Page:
In any organization, efficient communication internally is a driving factor of success and employee morale. When employees are able to understand each other, they’re able to work better together and therefore create a better experience for the customers as well. A strong communication flow allows a message to go from top to bottom, laterally, and even diagonally across departments. However, having an effective communication flow is easier said than done.
The included video is a remake of the telephone game we’ve all played, where a whispered message is quickly lost while being passed around a circle. Instead of passing a message around verbally, subjects in the video must do so using only gestures and body movement. As expected, the message is distorted in comical fashion, leaving an indistinguishable shred of the original message by the time it reaches the end of the line.
The video does a great job of showing us that the original message is clear, concise and delivered with intention. Viewers can clearly see that the first person to pass the message along is riding a motorcycle. It is unmistakable because of his level of intent and attention to detail. As the message is passed along, the intention is lost, details are skipped, and some senders don’t take it seriously. This is quite possibly what’s happening within your organization.
The message is soon lost because of the sheer number of people the message must travel through. The same problem is evident when a message must navigate a long or confusing organizational structure. Each recipient must receive, decode and understand the message before it’s then encoded and transmitted to the next person, resulting in fast confusion. But the number of people in a communication flow is just one reason communication can be disrupted:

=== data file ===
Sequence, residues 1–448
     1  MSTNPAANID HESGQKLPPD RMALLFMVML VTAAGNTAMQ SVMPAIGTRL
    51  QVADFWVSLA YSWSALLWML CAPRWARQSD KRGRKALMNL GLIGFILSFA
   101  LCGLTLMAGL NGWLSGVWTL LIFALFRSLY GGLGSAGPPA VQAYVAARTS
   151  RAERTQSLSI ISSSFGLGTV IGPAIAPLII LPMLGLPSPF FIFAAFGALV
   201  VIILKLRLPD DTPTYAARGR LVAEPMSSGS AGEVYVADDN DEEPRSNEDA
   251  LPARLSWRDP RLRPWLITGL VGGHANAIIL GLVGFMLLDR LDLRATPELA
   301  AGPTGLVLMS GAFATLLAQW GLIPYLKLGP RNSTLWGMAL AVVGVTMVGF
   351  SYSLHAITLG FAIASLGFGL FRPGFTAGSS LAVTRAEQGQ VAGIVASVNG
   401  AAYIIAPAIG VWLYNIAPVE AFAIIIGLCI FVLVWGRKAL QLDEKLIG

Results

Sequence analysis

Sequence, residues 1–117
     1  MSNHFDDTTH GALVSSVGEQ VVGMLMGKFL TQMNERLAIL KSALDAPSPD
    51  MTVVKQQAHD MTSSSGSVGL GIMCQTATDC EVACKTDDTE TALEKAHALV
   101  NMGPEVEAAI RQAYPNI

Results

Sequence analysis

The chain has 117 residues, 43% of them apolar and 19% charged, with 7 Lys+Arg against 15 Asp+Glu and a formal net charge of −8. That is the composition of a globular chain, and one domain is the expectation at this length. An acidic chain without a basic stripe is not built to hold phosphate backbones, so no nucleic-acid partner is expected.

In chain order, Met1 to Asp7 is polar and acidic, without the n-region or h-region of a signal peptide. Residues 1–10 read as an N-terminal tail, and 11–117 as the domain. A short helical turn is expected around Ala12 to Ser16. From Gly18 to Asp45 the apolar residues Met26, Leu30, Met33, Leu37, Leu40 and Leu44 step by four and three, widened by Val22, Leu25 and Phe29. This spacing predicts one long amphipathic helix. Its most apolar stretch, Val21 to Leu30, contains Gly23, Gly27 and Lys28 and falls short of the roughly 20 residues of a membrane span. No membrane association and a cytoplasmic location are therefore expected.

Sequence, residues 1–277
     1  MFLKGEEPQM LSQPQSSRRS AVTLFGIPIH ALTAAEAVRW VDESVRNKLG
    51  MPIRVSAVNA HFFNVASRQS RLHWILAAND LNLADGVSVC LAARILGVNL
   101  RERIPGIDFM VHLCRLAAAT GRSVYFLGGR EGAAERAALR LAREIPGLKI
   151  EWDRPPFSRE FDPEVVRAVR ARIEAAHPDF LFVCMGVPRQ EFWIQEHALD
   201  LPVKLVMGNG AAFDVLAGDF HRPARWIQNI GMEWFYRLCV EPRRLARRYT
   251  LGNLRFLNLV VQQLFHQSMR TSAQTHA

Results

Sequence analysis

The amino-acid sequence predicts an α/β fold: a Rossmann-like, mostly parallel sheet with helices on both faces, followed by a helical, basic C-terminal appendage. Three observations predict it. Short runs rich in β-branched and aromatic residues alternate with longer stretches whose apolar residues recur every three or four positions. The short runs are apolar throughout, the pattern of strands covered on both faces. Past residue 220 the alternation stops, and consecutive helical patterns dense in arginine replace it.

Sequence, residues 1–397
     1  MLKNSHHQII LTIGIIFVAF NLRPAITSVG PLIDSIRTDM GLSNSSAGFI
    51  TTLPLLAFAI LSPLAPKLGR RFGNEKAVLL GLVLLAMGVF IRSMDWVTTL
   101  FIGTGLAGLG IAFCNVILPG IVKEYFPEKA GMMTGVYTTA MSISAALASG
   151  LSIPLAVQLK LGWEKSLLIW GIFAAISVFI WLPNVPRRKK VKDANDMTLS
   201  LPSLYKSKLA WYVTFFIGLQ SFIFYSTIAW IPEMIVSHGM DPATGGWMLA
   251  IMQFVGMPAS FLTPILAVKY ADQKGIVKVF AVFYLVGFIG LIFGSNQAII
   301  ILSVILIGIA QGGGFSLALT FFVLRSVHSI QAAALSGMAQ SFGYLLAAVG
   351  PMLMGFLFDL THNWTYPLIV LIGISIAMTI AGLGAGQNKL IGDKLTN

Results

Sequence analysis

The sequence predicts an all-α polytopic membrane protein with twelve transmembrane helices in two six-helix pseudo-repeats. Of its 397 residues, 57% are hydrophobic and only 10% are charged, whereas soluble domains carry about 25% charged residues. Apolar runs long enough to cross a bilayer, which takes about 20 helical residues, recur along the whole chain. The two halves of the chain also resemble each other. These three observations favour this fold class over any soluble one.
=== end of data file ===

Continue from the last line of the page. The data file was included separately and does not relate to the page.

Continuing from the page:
- Communication overload
People can only process so much information, and it’s possible that amount is getting smaller in today’s age of social media. According to a 2017 Deloitte consumer study, people check their devices 47 times on average across all age groups, with the number significantly higher among younger people. In order to avoid overloading colleagues with information, minimize the number of communication channels you use while keeping your message clear and concise.
Tribalism occurs when similar personalities, traits, and loyalty cause people to support the interests of a group rather than the organization as a whole. Although tribalism can be beneficial within an organization, it can also be destructive to the flow of communication as people begin to mislead, undermine or refuse to communicate with other tribes.
- Poor retention
Poor retention of information can occur for a number of reasons, including lack of motivation, an inability to understand and too much mental stress. Looking back on the video, some participants appear not as interested in whether the correct message is passed on or not. Making sure employees feel recognized, are paid well and not overworked are a few ways to improve retention.
One of the strongest disruptors of communication is noise. Sarcasm, biases, jargon, wandering thoughts, mumbling, and talking speed are all common forms of noise. Too much noise in a message can result in wrong perceptions and ultimately the breakdown of a communication flow. It’s up to both the sender and receiver to eliminate noise, making it one of the more painful types of disruption. Shown below is Claude Shannon's diagram of a general communication system from his Mathematical Theory of Communication.
It’s generally accepted that face-to-face communication is the most ideal and functional method, but as you can see from the video, there are still plenty of ways for the message to get lost. There is no one way to improve the communication flows in your organization, and it will take buy-in and alignment from your people.
What is your organization doing to improve the movement of communication?